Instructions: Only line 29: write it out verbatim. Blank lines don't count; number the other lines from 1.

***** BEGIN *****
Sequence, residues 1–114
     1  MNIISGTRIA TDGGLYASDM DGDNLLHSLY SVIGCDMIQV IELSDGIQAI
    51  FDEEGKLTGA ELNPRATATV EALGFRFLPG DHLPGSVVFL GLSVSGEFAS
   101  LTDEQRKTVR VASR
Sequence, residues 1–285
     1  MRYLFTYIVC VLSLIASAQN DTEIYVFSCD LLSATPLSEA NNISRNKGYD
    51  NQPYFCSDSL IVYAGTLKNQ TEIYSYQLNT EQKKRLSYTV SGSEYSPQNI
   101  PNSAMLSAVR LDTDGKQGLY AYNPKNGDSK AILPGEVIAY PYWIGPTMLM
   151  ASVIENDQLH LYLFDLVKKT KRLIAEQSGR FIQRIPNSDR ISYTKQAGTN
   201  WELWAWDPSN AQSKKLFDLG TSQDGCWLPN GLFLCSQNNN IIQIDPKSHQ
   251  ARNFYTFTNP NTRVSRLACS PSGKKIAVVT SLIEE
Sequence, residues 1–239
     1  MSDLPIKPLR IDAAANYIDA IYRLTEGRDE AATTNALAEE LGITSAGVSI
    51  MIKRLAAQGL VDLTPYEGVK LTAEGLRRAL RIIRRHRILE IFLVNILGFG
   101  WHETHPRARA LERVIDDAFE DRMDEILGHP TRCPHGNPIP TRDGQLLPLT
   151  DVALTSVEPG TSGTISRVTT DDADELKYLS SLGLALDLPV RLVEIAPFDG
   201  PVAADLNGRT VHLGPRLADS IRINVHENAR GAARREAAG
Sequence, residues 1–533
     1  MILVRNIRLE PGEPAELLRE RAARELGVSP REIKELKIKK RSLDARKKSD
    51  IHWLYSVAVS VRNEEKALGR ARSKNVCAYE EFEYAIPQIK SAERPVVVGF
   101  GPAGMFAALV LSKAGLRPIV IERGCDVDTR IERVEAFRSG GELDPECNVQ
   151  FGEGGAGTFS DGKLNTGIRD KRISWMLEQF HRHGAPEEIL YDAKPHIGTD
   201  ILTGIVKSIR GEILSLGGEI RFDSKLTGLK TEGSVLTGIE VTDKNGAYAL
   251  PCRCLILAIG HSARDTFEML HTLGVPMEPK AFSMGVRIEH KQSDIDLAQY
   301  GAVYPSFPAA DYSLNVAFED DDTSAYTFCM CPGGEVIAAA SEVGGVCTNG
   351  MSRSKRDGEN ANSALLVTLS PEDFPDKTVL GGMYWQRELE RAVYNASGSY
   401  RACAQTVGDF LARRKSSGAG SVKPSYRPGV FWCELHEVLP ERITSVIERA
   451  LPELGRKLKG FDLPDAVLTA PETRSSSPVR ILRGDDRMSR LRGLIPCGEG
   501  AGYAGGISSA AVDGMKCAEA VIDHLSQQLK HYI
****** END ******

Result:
   501  AGYAGGISSA AVDGMKCAEA VIDHLSQQLK HYI